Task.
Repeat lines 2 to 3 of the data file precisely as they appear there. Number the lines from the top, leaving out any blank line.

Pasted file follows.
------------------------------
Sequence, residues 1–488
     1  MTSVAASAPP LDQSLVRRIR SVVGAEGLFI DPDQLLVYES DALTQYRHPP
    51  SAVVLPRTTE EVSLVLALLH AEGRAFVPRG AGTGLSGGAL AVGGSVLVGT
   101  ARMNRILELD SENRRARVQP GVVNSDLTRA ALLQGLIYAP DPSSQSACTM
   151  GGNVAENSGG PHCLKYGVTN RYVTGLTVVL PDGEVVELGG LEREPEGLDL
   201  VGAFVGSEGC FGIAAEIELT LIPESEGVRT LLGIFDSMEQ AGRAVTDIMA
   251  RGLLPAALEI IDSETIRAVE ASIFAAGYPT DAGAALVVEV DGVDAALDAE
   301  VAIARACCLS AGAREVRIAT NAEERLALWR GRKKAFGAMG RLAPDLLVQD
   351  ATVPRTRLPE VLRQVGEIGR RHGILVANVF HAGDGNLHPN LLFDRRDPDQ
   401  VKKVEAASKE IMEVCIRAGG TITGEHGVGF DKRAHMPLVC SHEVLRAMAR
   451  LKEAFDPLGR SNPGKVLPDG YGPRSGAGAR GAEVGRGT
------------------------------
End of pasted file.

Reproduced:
     1  MTSVAASAPP LDQSLVRRIR SVVGAEGLFI DPDQLLVYES DALTQYRHPP
    51  SAVVLPRTTE EVSLVLALLH AEGRAFVPRG AGTGLSGGAL AVGGSVLVGT